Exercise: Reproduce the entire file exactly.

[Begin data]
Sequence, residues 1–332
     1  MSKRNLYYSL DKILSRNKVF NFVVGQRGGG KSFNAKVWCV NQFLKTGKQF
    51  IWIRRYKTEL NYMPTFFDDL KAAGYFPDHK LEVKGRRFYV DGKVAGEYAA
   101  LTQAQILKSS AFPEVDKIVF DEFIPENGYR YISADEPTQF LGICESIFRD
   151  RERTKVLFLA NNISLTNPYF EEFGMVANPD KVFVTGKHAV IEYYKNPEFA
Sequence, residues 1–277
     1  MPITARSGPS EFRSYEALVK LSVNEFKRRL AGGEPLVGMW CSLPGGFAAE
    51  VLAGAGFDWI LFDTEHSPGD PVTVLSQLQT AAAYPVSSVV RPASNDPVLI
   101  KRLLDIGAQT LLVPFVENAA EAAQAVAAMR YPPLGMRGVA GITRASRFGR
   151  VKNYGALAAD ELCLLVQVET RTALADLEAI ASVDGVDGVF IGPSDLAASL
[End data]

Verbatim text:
Sequence, residues 1–332
     1  MSKRNLYYSL DKILSRNKVF NFVVGQRGGG KSFNAKVWCV NQFLKTGKQF
    51  IWIRRYKTEL NYMPTFFDDL KAAGYFPDHK LEVKGRRFYV DGKVAGEYAA
   101  LTQAQILKSS AFPEVDKIVF DEFIPENGYR YISADEPTQF LGICESIFRD
   151  RERTKVLFLA NNISLTNPYF EEFGMVANPD KVFVTGKHAV IEYYKNPEFA
Sequence, residues 1–277
     1  MPITARSGPS EFRSYEALVK LSVNEFKRRL AGGEPLVGMW CSLPGGFAAE
    51  VLAGAGFDWI LFDTEHSPGD PVTVLSQLQT AAAYPVSSVV RPASNDPVLI
   101  KRLLDIGAQT LLVPFVENAA EAAQAVAAMR YPPLGMRGVA GITRASRFGR
   151  VKNYGALAAD ELCLLVQVET RTALADLEAI ASVDGVDGVF IGPSDLAASL